Friday, November 20, 2009

Roundup of Things Seen/Heard/Eaten Lately

Saw the Paul Motian Octet + 1 at the Village Vanguard. 2 bass + 2 guitar + 2 sax + viola + piano + drums = "Octet + 1" Though I thought the ensemble became a bit unwieldy and sagged a little under its own weight in a couple of places, this was another rewarding set of music from the relentless, 78-year old creative force of nature that is Paul Motian. If nothing else, the assemblage on stage was a remarkable sight. Motian's fruitful years with Keith Jarrett, what might be considered the second (or even third?) major phase of his career, were already behind him before some of the musicians in the Octet + 1 were born.

Many of Motian's defining characteristics were in evidence with this group: his affinity with pianists and electric guitarists (almost all his best work has been with one or both of these instruments), his deep feel for standards, the mystery and beauty of his own compositions, and most of all, the vitality and freshness of his drumming. A few songs into the set, the thought came very clearly into my head, "Damn, he's playing great!"


Finally saw the underground/cult classic video "Heavy Metal Parking Lot". The original movie itself is only about 16 minutes long, but the filmmakers have made good use of the remaining space on the DVD, loading it up with sequels (including the almost-as-good "Neil Diamond Parking Lot", related documentaries, etc, etc.

One that I found strangely compelling was a feature on a collector and record store owner with a basement literally full of Judas Priest memorabilia. For several minutes, the filmmakers just keep rolling as he slowly flips through a stack of records, essentially narrating a critical history of Priest's entire discography. What could have been a throwaway bonus feature turned out to be one of the best portraits of the obsessive rock'n'roll collector type I've ever seen.

Also recommended along similar lines is Banks Tarver's "Beautiful Plastic", a short that's available as a bonus feature on the DVD of Tarver's Guided By Voices doc Watch Me Jumpstart. It's eight minutes of Robert Pollard going through boxes of old lyrics and collage materials from his basement. There's almost as much insight about Pollard's personality and creativity to be found packed into this short as there is the full-length movie (I don't mean that as a knock on Jumpstart - it's fantastic and essential if you're a GBV fan).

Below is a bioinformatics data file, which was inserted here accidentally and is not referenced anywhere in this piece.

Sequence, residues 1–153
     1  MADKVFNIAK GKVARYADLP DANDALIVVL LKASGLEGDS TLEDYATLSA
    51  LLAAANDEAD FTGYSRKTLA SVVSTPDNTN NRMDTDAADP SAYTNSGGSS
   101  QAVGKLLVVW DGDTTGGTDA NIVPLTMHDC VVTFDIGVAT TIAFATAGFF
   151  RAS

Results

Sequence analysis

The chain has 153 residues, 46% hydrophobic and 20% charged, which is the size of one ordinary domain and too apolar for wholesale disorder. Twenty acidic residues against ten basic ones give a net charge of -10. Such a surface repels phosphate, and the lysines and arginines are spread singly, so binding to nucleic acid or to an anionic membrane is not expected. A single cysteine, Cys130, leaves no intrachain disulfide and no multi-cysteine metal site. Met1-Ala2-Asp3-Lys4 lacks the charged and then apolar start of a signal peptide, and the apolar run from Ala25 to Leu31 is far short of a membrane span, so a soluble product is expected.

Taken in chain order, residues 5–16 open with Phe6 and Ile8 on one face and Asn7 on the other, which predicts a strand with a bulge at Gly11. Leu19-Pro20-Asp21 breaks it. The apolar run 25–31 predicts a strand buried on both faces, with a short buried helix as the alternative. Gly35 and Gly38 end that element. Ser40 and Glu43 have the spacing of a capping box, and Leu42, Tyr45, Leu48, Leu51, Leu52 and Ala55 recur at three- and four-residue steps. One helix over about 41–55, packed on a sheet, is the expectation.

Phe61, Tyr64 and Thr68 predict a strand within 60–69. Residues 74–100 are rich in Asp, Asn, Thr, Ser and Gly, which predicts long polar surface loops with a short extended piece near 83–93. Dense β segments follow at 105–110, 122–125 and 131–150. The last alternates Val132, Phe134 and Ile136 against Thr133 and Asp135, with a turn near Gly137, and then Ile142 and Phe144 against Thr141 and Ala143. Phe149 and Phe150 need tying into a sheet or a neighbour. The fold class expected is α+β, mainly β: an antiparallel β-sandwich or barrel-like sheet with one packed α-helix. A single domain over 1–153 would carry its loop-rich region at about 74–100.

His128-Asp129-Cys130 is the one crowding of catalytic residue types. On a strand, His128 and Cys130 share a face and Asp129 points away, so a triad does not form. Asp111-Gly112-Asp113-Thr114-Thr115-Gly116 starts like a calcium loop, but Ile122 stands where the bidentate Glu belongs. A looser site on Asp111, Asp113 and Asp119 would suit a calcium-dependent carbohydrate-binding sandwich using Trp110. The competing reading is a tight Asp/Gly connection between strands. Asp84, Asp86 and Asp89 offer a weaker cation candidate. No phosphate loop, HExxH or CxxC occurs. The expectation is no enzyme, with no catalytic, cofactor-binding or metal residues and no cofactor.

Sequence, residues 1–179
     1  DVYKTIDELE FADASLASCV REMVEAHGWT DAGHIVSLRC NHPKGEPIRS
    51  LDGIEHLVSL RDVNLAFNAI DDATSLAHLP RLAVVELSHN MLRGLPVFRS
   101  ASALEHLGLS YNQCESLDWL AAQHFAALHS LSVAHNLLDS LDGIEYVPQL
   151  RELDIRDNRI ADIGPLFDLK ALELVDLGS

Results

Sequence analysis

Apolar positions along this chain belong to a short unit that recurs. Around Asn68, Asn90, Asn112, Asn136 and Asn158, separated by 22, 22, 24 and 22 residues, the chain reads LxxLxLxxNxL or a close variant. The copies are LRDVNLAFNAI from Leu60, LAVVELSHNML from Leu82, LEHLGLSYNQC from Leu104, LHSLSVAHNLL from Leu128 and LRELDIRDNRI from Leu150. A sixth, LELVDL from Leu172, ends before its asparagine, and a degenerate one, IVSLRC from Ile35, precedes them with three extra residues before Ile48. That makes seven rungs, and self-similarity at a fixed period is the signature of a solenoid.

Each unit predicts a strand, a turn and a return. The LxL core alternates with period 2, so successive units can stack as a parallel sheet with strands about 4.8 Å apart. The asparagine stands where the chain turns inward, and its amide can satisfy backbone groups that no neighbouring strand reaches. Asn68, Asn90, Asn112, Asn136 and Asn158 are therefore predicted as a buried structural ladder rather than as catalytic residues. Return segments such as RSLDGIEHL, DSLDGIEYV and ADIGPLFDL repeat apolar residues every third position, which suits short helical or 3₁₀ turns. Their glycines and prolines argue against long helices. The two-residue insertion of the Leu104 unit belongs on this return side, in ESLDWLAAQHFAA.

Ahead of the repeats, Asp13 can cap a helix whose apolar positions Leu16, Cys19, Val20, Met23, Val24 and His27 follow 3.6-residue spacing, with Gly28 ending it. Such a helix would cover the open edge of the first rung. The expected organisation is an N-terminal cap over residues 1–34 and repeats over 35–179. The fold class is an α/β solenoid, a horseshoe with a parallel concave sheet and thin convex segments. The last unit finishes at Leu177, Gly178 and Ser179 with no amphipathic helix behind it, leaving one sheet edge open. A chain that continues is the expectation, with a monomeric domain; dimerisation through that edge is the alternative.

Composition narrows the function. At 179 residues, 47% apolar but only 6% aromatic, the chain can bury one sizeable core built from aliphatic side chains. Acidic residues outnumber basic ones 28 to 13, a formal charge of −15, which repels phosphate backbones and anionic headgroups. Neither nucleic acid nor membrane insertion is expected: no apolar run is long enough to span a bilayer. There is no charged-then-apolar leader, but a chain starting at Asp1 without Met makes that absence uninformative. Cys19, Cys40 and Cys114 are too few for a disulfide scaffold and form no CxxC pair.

Went to Geoff Dyer's reading at the Central Branch of the Brooklyn Public Library. He read from his most recent book, Jeff in Venice, Death in Varanasi, which I've written about here, and from two older books which have recently been reissued, Out of Sheer Rage and But Beautiful. He also read an unpublished piece, a strange, funny tribute to John Berger which took the form of a deliberately stilted, cliched essay on Jackson Pollock. Dyer is almost shockingly tall and thin in person, and has the type of English manner that many Americans find irresistible, a major component of which is an effortless wit of the dry and self-mocking variety. In his readings and answers to audience questions, Dyer showed his wide range of interests: art, photography, travel, jazz, D.H. Lawrence. The readings drew a lot of laughter from the audience, and were mostly genuinely funny, with the notable exception of the moody, impressionistic pieces from But Beautiful, his book on jazz.

A semi-dramatic moment occurred during the Q&A when a young woman from Varanasi, who was sitting in the front row with her mother, asked if he had gone to the city with the intention to write about it or if the idea had come about later. Dyer indicated that he dreaded being confronted at readings by people that might be in a position to harshly judge the accuracy of the portrayals in his books (he mentioned jazz musicians, having confessed to some inaccuracies in But Beautiful), and he seemed quite relieved when the woman from Varanasi seemed to agree with him about the impossibility of "misrepresenting" a place as complex as her home city (if it's impossible to misrepresent a place, is it also then impossible to truly, accurately represent it?).


Tried the new burger at fancy hot dog joint Bark in Brooklyn a couple of times. Very good small burger, with the variety of pickled things and the "special sauce" working perfectly with the meat and bun. I only wish it was possible to get it a bit rarer - the default is medium/medium-well whereas I'd prefer medium/medium-rare. Black Iron in the East Village, where I've also eaten a few times lately, will cook their (also fairly thin) burgers to order, but your results may vary depending on who's on the griddle. Bark is more consistent, but when Black Iron is on their game I'd give their burger a slight edge.


Sorry to have missed:

Ethan Iverson/Tootie Heath/Ben Street at Smalls. Smalls is the place to see a piano trio, as I found out when I saw Fred Hersch there. Apparently Iverson/Heath/Street are playing again this winter at Iridium with Lee Konitz and Mark Turner, so hopefully I can catch that. (Very Cool Thing: Smalls is streaming the sets on their website, so I can feel a little less bad about missing out in person.)

The Eccentric Soul Revue (feat. the highly underrated Syl Johnson). I imagine Johnson's career and reputation was held back a bit by his being in Al Green's shadow when they were both on Hi Records. He may have adhered too closely to the (obviously commercially viable) Al mode on some of his singles, but the fact that he was so convincing in this style (which may have really been the Hi style more than the Al Green style), coming within a hair's breadth of the master himself, is a testament to his enormous talent.

Big Star at the Brooklyn Masonic Temple. Waited too long on this one, and it sold out. Review here in the Voice (including a typically, unnecessarily nasty comments section).

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